'Ghostbusters': Paul Feig reveals what looks like the Ghostbusters' vehicle(Read article summary)
Director Feig has been posting photos on Twitter about various aspects of the upcoming movie, and his newest image appears to show the Ghostbusters' car.
“Ghostbusters” director Paul Feig keeps releasing details about the upcoming movie to eager fans.
Mr. Feig has previously posted on Twitter about casting, including which actresses would take on the role of the four Ghostbusters (it’s Melissa McCarthy, Kristen Wiig, Kate McKinnon, and Leslie Jones) and who would be taking on the role of the Ghostbusters’ receptionist (actor Chris Hemsworth). More recently, he posted photos of what appeared to be the Ghostbusters’ costumes and proton packs, tools they use to fight spirits in the films.
Now Feig’s newest photo may reveal the Ghostbusters’ vehicle.
The movie is currently filming and is set to be released in summer 2016. It follows two films, both released in the 1980s, which starred Bill Murray, Harold Ramis, Dan Aykroyd, and Ernie Hudson as the Ghostbusters.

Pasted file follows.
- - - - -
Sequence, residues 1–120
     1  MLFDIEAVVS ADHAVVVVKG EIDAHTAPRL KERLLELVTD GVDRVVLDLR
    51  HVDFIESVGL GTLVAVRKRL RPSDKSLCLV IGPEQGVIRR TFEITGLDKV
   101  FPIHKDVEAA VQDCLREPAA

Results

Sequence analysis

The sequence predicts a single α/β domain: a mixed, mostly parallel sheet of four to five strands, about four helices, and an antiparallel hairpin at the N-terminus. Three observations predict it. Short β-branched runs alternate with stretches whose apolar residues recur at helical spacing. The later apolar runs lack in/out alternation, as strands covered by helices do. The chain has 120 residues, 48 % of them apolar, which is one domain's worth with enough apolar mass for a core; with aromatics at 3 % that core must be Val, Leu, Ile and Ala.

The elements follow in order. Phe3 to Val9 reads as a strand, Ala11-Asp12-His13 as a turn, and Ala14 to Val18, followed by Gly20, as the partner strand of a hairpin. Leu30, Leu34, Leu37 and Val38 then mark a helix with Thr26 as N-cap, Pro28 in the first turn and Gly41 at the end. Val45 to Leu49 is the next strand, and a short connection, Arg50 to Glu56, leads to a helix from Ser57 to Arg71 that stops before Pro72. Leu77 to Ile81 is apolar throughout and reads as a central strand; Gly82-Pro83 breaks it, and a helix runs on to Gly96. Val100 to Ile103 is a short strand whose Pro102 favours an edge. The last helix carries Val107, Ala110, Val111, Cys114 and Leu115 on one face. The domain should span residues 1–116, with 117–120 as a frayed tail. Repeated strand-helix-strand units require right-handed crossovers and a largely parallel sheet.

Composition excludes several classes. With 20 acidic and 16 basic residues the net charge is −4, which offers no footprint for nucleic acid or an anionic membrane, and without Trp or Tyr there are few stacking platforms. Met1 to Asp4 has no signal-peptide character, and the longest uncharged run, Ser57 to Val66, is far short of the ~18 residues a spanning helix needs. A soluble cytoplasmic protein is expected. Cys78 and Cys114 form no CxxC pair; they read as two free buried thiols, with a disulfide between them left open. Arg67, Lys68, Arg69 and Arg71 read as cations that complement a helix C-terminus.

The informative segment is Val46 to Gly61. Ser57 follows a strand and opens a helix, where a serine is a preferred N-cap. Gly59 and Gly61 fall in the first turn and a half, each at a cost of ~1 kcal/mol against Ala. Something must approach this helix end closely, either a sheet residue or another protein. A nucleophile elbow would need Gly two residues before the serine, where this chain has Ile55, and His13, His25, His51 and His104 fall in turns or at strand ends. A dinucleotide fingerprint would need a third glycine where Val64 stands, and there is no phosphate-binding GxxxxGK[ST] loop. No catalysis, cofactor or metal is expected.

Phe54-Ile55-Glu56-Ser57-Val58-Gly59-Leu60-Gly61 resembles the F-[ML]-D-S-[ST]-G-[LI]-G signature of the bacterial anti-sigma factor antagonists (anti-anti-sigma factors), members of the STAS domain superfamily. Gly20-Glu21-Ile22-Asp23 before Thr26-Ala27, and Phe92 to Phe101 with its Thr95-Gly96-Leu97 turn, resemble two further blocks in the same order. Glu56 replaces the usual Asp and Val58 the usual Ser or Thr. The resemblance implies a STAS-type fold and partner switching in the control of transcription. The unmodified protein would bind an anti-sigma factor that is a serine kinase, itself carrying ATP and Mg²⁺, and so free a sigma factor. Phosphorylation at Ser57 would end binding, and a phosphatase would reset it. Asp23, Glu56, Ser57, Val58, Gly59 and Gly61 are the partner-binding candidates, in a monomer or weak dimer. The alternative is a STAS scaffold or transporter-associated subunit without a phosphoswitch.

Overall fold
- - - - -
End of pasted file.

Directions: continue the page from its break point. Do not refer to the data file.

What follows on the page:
Feig is behind the comedy hits “Bridesmaids” and “The Heat,” both of which starred Ms. McCarthy (and “Bridesmaids” also starred Ms. Wiig). He also directed McCarthy’s movie “Spy,” which was released this past June.
In this age of social media, directors and stars can drop more hints about upcoming movies. However, the prevalence of photo- and video-taking cell phones means fans can also learn more than ever before and some directors and stars try to keep plot details about a movie as close to the vest as possible.
So far, Feig has tantalized fans with these photos but not revealed too much about the plot of the film (for example, actors such as Andy Garcia, Matt Walsh, Cecily Strong, and Michael Kenneth Williams reportedly came on board recently for the new movie, but information on who most of them are playing has been hard to come by, though reports say Mr. Garcia is portraying New York City’s mayor).
It’s a fine line directors and stars have to walk now in terms of releasing too much or too little information. For example, some fans were angered about the campaign of secrecy surrounding the 2013 film “Star Trek Into Darkness,” in which those behind the scenes made statements that seemed to imply the film’s villain was not legendary “Trek” character Khan (it turns out it was). J.J. Abrams, the film’s director, later said, “The truth is, I think it probably would have been smarter just to say up front, ’This is who it is.’”